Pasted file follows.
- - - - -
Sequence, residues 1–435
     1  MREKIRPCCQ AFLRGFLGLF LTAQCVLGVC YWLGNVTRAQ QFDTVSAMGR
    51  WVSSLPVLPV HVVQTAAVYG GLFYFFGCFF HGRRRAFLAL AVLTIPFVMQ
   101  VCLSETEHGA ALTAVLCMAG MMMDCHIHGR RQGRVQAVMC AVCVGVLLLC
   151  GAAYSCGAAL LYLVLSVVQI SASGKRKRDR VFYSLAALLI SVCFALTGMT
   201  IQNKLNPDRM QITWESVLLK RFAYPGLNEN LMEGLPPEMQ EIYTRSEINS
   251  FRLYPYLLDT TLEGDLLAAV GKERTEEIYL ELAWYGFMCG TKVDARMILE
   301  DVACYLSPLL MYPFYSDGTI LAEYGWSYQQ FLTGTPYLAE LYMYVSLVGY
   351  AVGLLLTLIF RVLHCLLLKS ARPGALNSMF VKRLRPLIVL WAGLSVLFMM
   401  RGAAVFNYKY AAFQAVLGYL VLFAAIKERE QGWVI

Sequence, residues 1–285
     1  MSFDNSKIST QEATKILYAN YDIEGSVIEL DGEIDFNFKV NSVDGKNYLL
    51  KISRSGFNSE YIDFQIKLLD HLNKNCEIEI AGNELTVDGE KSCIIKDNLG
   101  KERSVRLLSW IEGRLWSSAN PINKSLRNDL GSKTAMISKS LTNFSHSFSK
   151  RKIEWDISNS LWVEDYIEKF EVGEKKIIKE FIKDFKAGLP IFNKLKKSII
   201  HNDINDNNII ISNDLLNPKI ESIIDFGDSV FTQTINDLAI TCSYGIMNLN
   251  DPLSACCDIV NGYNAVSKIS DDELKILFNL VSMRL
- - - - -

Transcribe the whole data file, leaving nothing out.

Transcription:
Sequence, residues 1–435
     1  MREKIRPCCQ AFLRGFLGLF LTAQCVLGVC YWLGNVTRAQ QFDTVSAMGR
    51  WVSSLPVLPV HVVQTAAVYG GLFYFFGCFF HGRRRAFLAL AVLTIPFVMQ
   101  VCLSETEHGA ALTAVLCMAG MMMDCHIHGR RQGRVQAVMC AVCVGVLLLC
   151  GAAYSCGAAL LYLVLSVVQI SASGKRKRDR VFYSLAALLI SVCFALTGMT
   201  IQNKLNPDRM QITWESVLLK RFAYPGLNEN LMEGLPPEMQ EIYTRSEINS
   251  FRLYPYLLDT TLEGDLLAAV GKERTEEIYL ELAWYGFMCG TKVDARMILE
   301  DVACYLSPLL MYPFYSDGTI LAEYGWSYQQ FLTGTPYLAE LYMYVSLVGY
   351  AVGLLLTLIF RVLHCLLLKS ARPGALNSMF VKRLRPLIVL WAGLSVLFMM
   401  RGAAVFNYKY AAFQAVLGYL VLFAAIKERE QGWVI

Sequence, residues 1–285
     1  MSFDNSKIST QEATKILYAN YDIEGSVIEL DGEIDFNFKV NSVDGKNYLL
    51  KISRSGFNSE YIDFQIKLLD HLNKNCEIEI AGNELTVDGE KSCIIKDNLG
   101  KERSVRLLSW IEGRLWSSAN PINKSLRNDL GSKTAMISKS LTNFSHSFSK
   151  RKIEWDISNS LWVEDYIEKF EVGEKKIIKE FIKDFKAGLP IFNKLKKSII
   201  HNDINDNNII ISNDLLNPKI ESIIDFGDSV FTQTINDLAI TCSYGIMNLN
   251  DPLSACCDIV NGYNAVSKIS DDELKILFNL VSMRL